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Emergency Preparedness

We know pets are part of the family too! And being part of a family means keeping your loved ones safe. Consider your pet’s unique needs and incorporate them into your emergency evacuation plan and disaster kit.

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Disaster Ready DIY Kits

 What To Include

  • Backpack to keep items stored

  • Paw Wipes

  • First Aid Kit

  • Bottled water

  • Pet shampoo

  • Food enough for 72 hours

  • Backpack to keep items stored

  • Pet and human medication enough for 3 days

  • Hand wipes or sanitizer and mask

  • Water Resistant Zip Bag

  • Homeowner or renters insurance policy

  • Pictures of all pets incase your separated

  • Flashlight and extra batteries

  • Cell phone charger and backup battery

  • Extra Keys - vehicles, safety lock box, mailbox, electric gates, ect.

  • Pets vaccination records - boarding facilities require documentation   

Important Pet Information:

  • Emergency contacts names and numbers

  • Insurance co. name and numbers for auto and home

  • Veterinary Name/Location, Phone Number

  • Medication List

  • Boarding Facilities Near You

  • Groomer Name and Phone Number

  • American Red Cross 800-842-7349

  • Pet Friendly Hotels - www.bringfido.com   

DIY First Aid Kit

  • Non-stick 4x4 pads

  • Gauze

  • Tape

  • Tweezers

  • Antibiotic ointment

  • Styptic powder 

  • Items to Add Per Pet

  • Pet Food-be sure to label each with the expiration date and pet’s name

  • Pet Medications - enough for 72 hours. Include the pet’s name, the name of the medication, and the expiration date.

 Items To Include For Dogs

  • 2 Collapsible Bowls

  • Slip Lead

  • Toys

  • Poop Bags

  • Pet ID tag           

Items To Include For Cats 

  • 2 Collapsible Bowls

  • Harness & Leash

  • Toys

  • Collapsible Litter Box & Liners

  • Kitty Litter & Scoop

  • Emergency Blanket

  • Pet ID Tag

  • Blanket

  • Paw Wipes

Storing Your Disaster Ready Kit

  • You only may have a few minutes to escape your home. Keep your disaster kit where it is easily accessible as you exit your home. 

  • Entryway - a coat closet, under a bench, or by a coat rack

  • Inside a pet carrier by the front door

Maintaining Your Disaster Ready Kit

  • Review items 1-2 times a year

  • Check food and medication expiration dates 

  • Add items for new family pets

  • Replace used items

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Evacuation Tips

Evacuating with your pet during an emergency can be stressful; however, preparing a plan and anticipating your pet’s needs can save you time during an evacuation.

  • Find out which motels and hotels are pet friendly in your area in advance of needing one.

Visit www.bringfido.com for more information.

  • Crate training your pet will make it less stressful on you and your pet when an emergency arises. Whether you plan to stay in a public shelter, with a friend or family member, or in a hotel, having your pet’s carrier or kennel available provides a safe and comfortable space for your pet.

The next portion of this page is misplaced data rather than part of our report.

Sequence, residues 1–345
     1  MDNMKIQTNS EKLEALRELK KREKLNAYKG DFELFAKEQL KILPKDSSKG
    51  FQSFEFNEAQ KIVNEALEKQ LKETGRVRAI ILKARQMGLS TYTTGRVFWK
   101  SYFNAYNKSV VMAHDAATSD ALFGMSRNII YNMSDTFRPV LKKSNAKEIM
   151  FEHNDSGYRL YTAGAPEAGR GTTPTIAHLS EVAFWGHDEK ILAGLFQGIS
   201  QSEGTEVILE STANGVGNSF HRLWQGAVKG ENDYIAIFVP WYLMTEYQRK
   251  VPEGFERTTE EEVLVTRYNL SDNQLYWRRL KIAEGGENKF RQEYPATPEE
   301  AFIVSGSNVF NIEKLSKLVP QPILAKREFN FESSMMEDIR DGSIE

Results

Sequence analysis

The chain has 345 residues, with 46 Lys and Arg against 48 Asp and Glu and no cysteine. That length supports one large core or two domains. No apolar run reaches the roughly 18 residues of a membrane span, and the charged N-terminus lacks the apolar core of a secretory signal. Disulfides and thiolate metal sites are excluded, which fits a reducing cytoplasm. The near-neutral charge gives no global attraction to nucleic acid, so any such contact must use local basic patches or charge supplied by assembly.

Other types of animals:

  • When transporting birds, use small and secured carriers. Transfer your bird to a standard cage upon arrival at the evacuation site. Covering the cage may reduce stress. 

  • If you need to transport a reptile, use a pillowcase, cloth sack, or small transport carrier. When you arrive at the evacuation site, transfer your pet to an enclosure they cannot escape. 

  • Use watertight plastic bags to transport amphibians. Make sure to monitor water and air temperature. Take an extra container of water in case your pet's container breaks or leaks.  

  • Rabbits are very sensitive to the heat; temperatures over 80 degrees can put them at risk of heat stroke. Keeping them cool and hydrated are key factors.

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Fire Escape Plan

Do you have a fire escape plan for you and your pets?

EVERY SECOND COUNTS.

Fire Escape Plan and Safety Tips

Planning, preparation, and practice help you and your pets—get out of your home quickly in a fire.

Practice your home fire escape plan twice each year. In addition:

  • Find two ways out of each room if the primary exit is blocked by fire or smoke.

  • Ensure windows are not stuck, screens are easy to remove, and security bars can be easily opened.

  • Sleep with your bedroom door closed.

  • Keep a fire extinguisher in your kitchen.

 

What to do During a Fire

  • Before opening a door, feel the doorknob and door. If either is hot or there is smoke coming around the door, leave the door closed and use your second way out. 

  • If you open a door, open it slowly. Be ready to shut it quickly if heavy smoke or fire is present. 

  • If you can’t get to someone needing assistance, leave the home and call 9-1-1 or the fire department. Tell the emergency operator where the person is located.

  • If pets are trapped inside your home, tell firefighters right away.

 

What to do After a Fire

  • Contact The Red Cross or your local disaster relief service for temporary housing, food, or medicines.

  • Check with the fire department to ensure your residence is safe to enter.

  • Conduct an inventory of damaged property and items before you throw anything away.

  • Save receipts for any money you spend related to fire loss. Your insurance company may need them later to verify claims.

  • Notify your mortgage company of the fire.

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